Contributed by Karly Burch

On June 1, 2014, I found myself sitting before a Bhutanese royal princess, thoroughly enjoying my serving of suja (butter tea) and dresi (sweet saffron rice). In that moment, I was surrounded by the new friends I had made at the Pre-Conference Workshop and a diverse array of ISE Congress participants, all with our spirits high, sinking into this once in a lifetime experience in Bhutan.

I had found my way to the ISE Congress through a network of inspirational colleagues from the Global Environments Summer Academy. Upon hearing about the 2014 Congress, I checked the call for papers to see if my research interests fit within the Congress themes. An agroecologist by training, my MSc fieldwork took place in the Kansai region of Japan where I explored people’s perceptions and behaviors related to food safety following the onset of the Fukushima Daiichi Nuclear Power Plant (FD1-NPP) disaster in March 2011.

I was pleased that my participation in the ISE poster exhibition gave me the chance to examine my research topic from the angle of bio-cultural diversity. Through my poster, I used the data collected in my MSc research to see whether concerned citizen’s behaviors and perceptions of food safety could be used as a way to explore the FD1-NPP disaster’s possible impacts on bio-cultural diversity.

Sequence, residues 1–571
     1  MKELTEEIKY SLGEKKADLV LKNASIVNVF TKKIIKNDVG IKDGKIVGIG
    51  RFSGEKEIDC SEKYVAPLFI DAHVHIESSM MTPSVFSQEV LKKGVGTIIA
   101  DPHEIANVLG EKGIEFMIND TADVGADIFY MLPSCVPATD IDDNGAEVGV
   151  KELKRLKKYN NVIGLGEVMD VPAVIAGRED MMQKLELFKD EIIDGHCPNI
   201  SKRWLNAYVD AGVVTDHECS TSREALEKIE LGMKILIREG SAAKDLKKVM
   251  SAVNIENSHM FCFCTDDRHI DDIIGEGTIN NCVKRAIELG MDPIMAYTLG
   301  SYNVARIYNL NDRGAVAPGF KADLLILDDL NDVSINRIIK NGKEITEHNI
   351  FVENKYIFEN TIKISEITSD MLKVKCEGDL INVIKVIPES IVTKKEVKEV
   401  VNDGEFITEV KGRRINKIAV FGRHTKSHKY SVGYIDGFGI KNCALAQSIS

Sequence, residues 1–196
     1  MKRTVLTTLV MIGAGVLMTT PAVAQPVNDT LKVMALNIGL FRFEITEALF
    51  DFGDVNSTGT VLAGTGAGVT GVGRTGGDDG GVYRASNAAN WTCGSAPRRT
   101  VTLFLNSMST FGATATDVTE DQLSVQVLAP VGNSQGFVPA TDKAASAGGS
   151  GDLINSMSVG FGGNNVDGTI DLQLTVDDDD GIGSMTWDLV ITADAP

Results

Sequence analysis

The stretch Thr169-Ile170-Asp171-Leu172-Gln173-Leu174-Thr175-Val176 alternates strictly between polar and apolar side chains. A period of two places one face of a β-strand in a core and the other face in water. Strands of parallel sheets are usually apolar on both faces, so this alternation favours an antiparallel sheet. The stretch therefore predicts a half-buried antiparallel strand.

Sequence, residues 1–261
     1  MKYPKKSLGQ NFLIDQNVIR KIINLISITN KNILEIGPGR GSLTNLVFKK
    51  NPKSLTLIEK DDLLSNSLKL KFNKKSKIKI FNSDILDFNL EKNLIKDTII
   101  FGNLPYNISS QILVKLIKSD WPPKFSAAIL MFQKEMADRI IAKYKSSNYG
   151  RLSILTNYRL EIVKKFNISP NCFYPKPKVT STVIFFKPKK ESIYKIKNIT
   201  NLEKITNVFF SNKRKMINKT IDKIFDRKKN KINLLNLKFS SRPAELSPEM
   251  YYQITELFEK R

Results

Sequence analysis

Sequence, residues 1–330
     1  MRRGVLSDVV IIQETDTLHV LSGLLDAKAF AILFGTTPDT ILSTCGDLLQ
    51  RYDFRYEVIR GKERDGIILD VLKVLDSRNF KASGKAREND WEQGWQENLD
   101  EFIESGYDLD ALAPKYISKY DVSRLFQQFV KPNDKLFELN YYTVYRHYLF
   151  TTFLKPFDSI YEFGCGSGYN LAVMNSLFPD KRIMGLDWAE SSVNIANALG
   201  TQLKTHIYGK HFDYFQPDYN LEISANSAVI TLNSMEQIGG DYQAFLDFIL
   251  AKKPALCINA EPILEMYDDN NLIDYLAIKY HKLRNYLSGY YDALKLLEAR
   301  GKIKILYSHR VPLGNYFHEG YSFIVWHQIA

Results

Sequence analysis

Ultimately, I feel extremely honored and grateful that the voices of the concerned citizens surveyed in my research were heard by congress participants, and that the exploration of this often taboo topic was granted an award in the poster competition. With plans to continue focusing on this issue through my PhD studies, I hope to engage further with the ISE and its members in finding ways to protect the integrity of our food systems (and all of the bio-cultural diversity connected to these systems) for present and future generations.

See her poster here: Poster_Karly Burch